The new Factor Profile in action

Morningstar's Ian Tam explains and compares factor profile results for three Canadian equity funds - including one ETF and two different categories

Ian Tam, CFA 31 January, 2020 | 1:17AM
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Ian Tam: This month, Morningstar launched our new Factor Profile analysis in Canada. The Factor Profile for most investors can be thought of as an expansion to Morningstar Style Box, which is a quick and intuitive way to understand the characteristics of an equity fund's holdings. The original Style Box looked at just two dimensions – style referring to the tilt to growth or value and size referring to a fund having a small cap or a large cap exposure. Here's what the classic Morningstar Style Box looks like.

The closer a fund is to the left of the box, the more value tilted the holdings are. The closer the holdings are to the top of the box, the larger the companies are in the portfolio. The new Morningstar Factor Profile looks at seven dimensions, all of which are widely regarded by the investment community as potential drivers of investment returns. The Factor Profile is advantageous in that it is a holdings-based analysis. And as such, it doesn't require a fund to have a very deep history, making it particularly useful for newer funds. Secondly, the methodology used in the Factor Profile ranks funds against a global universe. So, factor exposures for funds that are not in the same category can be compared apples-to-apples. Today, we'll have a look at the Factor Profile in practice for three different equity funds.

To start off with, let's have a look at the iShares ESG MSCI Canada ETF (XESG). The fund has an inception date of March 18, 2019, just a nine-month history. Even so, what we can tell is that compared to our global universe of portfolios, this investment holds companies that have a higher return on equity and lower leverage as denoted by the placement of the blue dot in the quality capsule. Moreover, when compared with the category average of Canadian equities, the quality of companies held seems to be ranked higher than that of comparable funds since the dot is placed higher than the black line, which represents the category average. What we can also see is that the fund currently holds stocks exhibiting low volatility returns defined by standard deviation of returns over the trailing 12 months. This can be seen through the volatility capsule and the placement of the dot near the bottom of the capsule.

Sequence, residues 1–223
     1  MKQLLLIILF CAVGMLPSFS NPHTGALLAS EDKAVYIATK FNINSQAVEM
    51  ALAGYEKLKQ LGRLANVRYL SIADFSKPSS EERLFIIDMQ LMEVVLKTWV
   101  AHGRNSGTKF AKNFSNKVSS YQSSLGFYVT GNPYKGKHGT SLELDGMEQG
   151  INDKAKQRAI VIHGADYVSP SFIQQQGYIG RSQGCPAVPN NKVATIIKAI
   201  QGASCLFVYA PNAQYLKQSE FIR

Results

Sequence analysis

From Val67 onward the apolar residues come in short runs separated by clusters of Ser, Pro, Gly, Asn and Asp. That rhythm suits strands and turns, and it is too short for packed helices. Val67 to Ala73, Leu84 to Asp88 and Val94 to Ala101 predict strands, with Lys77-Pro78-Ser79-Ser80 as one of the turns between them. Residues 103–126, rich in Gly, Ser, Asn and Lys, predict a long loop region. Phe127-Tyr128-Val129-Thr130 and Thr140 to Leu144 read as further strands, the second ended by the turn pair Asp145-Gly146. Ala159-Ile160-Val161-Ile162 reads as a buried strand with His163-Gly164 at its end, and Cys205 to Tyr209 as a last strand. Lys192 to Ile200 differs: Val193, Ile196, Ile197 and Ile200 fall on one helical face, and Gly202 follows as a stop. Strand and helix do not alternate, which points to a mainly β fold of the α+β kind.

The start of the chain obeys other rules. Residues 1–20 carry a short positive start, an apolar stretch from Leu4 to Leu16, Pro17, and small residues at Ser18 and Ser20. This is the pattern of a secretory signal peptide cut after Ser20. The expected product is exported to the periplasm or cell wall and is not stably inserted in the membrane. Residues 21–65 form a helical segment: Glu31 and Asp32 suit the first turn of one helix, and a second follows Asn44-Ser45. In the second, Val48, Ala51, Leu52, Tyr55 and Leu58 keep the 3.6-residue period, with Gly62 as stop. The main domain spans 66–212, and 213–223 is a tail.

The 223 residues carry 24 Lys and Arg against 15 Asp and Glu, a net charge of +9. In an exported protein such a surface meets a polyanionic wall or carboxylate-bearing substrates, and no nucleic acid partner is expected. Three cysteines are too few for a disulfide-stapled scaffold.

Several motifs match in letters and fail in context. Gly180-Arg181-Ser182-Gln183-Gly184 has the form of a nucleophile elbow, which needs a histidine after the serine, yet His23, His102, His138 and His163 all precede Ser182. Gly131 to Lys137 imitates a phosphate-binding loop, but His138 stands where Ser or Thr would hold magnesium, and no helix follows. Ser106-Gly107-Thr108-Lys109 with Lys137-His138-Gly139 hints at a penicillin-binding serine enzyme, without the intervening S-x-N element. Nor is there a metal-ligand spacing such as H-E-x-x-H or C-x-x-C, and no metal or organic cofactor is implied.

Let's have a look at another fund, perhaps one with a longer history. Here's the Factor Profile for the Mawer US Equity A class, a five-star gold-rated fund. Because we happen to have more history, we can see not only the factor exposure across the same seven factors, but also the historical range of factor exposures over the last five years denoted by the light blue shading within each capsule. Here we can see that against our global database the stocks held in this particular fund show a distinct growth tilt, more so than the category average. Over the last five years, the style factor has tilted toward the top of the capsule signifying that although there is some variability in the style rank, it generally remains growthy. Although compared to the prior fund Mawer's US Equity Fund ranks lower in terms of quality, it still ranks higher than that of its peers in the category for U.S. equities. For dividend-seeking investors, you might also notice that the fund's yield, which we define as both dividends as well as share buybacks, is lower than that of the category, but close to the median of our global universe.

Finally, let's have a look at RBC's Canadian Equity Income Series F fund, with over $650 million Canadian in assets under management and one of the largest F class funds in the Canadian dividend income category. One thing that many people will notice right away is the ranking on the liquidity capsule. Compared to the prior fund and many others, the liquidity ranking is quite low, almost appearing as if the holdings are completely illiquid. You should expect to see this type of liquidity ranking on funds that hold mostly Canadian stocks. On the more appealing side, notice that the yield factor is decidedly ranked higher on the capsule as well as the tilt to value.

All in all, the Morningstar Factor Profile is useful to provide further insights into the characteristics of an equity fund. The factors themselves are not indicative of performance. But this said, conservative investors would be served well to find funds with lower exposure to the volatility factor, higher exposure to the quality factor and if monthly income is important, perhaps a higher exposure to the yield factor.

For Morningstar, I'm Ian Tam.

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Ian Tam, CFA  is Director of Investment Research at Morningstar Canada. 

 

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